Plan to restrict money loans

Plan to restrict money loans

By Pádraig Hoare

The Central Bank has said it wants to restrict targeted advertising and unprompted contact by moneylenders, as well as ordering the firms to tell customers about to borrow that they should consider alternatives.

The watchdog said it was seeking feedback from consumers to propose new protection measures for customers of licensed moneylenders.

As part of its review, the Central Bank said that it proposed restricting the promotion of moneylending by targeted advertising or unsolicited contact, as well as requiring moneylenders to prompt consumers at relevant pre-contractual points that they should consider cheaper options.

It also proposed unspecified “heightened protection” for consumers using money-lending loans to pay for accommodation, food, electricity, heating and other immediate costs.

Rates charged by money- lenders are often exorbitant compared to traditional lenders like banks and credit unions. They charge a high-interest rate because these personal loans are unsecured, according to the Money Advice and Budgeting Service (Mabs).

Many moneylenders also offer a door-to-door collections service.

During the Christmas period, one of the largest licenced firms, Provident, offered loans of €100 to €600 to be repaid over 12 months at an APR of 187.2%.

There are currently 39 licensed moneylenders, down from 52 in 2003 when the Central Bank assumed regulatory responsibility, according to the watchdog.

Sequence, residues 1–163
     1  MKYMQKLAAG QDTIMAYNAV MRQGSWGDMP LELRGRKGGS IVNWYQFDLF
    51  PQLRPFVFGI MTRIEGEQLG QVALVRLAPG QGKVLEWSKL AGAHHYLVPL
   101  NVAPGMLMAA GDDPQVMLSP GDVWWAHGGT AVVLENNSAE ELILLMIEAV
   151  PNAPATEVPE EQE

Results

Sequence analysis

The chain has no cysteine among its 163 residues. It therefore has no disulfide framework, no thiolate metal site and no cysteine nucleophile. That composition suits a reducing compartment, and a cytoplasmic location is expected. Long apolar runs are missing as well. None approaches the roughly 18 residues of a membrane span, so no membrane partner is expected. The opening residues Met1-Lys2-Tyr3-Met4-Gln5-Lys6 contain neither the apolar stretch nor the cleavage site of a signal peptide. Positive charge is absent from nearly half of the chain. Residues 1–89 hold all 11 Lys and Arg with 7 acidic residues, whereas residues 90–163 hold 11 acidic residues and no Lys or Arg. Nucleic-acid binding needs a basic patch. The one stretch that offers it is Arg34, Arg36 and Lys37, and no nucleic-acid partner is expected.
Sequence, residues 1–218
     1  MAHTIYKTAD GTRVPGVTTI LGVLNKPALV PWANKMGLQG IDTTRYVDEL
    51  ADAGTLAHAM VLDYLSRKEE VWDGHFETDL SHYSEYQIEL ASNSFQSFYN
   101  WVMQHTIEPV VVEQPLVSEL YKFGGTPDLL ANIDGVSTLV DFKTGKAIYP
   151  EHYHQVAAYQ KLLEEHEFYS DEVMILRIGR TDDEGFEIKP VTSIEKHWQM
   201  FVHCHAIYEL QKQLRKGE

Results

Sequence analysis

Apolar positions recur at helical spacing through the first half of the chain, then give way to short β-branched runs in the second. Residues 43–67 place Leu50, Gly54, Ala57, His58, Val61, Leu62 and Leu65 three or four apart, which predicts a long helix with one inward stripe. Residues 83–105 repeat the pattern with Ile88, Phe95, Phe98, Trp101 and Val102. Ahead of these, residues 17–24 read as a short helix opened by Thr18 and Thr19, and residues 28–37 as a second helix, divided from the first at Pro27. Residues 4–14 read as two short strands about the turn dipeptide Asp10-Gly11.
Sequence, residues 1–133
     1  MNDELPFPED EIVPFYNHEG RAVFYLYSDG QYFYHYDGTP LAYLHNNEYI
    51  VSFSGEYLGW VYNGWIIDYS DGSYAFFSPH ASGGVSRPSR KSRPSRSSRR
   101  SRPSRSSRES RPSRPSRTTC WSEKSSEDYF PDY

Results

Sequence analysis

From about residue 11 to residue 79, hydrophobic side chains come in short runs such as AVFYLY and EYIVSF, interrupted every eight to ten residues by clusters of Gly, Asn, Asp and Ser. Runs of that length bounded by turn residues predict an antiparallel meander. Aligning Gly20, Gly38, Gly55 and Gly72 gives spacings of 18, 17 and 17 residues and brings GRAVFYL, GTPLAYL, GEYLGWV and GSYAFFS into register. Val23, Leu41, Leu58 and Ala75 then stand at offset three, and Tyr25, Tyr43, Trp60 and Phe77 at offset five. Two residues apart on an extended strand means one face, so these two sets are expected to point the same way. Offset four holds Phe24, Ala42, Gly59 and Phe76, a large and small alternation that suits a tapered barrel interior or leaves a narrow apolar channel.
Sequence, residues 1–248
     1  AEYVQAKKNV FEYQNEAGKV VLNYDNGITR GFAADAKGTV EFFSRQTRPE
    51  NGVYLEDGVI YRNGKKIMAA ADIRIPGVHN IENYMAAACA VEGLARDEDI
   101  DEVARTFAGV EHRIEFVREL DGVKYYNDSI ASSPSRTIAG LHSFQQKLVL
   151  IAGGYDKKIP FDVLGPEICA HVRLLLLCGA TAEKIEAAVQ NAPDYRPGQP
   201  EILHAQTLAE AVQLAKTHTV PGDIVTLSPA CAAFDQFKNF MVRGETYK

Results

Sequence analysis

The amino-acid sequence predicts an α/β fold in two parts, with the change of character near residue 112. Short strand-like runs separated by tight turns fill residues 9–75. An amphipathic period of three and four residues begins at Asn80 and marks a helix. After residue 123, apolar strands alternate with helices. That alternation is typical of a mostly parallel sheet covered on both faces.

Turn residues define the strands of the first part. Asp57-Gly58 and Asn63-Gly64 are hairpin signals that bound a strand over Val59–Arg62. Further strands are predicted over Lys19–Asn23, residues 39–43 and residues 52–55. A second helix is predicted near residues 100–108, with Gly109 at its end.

In 2017, the outstanding loan amounts were around €153m, compared to €198m in 2013.

Total loans in 2017 were about €268m, compared to €301m in 2013.

Some moneylending firms have more than 100,000 customers, according to the Central Bank.

The watchdog said other measures it wanted to introduce were specific limits on how much of a consumer’s income can be devoted to paying off high- cost moneylending agreements, as well as further training on customer engagement from money-lending firms.

It called for more engagement with organisations such as Mabs.

Director of consumer protection Gráinne McEvoy said there is “already a strong framework of protection” in place for consumers of licensed money lenders.

“The measures we are consulting on aim to enhance this consumer protection framework further,” she said.

More in this Section

One in four planning Christmas shopping trip outside state - AAOne in four planning Christmas shopping trip outside state - AA

Tech firm Horizon8 picks Cork as Europe HQTech firm Horizon8 picks Cork as Europe HQ

Abbey eyes more Irish work as profits fallAbbey eyes more Irish work as profits fall

Providence shares see bounce on Tony O’Reilly exitProvidence shares see bounce on Tony O’Reilly exit


Lifestyle

Overshadowed by its giant neighbours it may be, but the smallest of the main Blasket islands, Beginish, is no less impressive in its own right.The Islands of Ireland: The miracle of Beginish

‘The days of our years are threescore years and ten — Psalm 90How to tell an animal’s age in a heartbeat

We often hear how nature will do well, even come back from the brink of extinction, if given a chance and some human help.Birds of prey on the rise

In our country we still have places that bear no evidence of disturbance by man, that are in their pristine state and rich with all the elements that feed the spirit and deliver us into the world beyond the skin of the time and circumstances we live in.Unique ambience of Dursey Island under threat

More From The Irish Examiner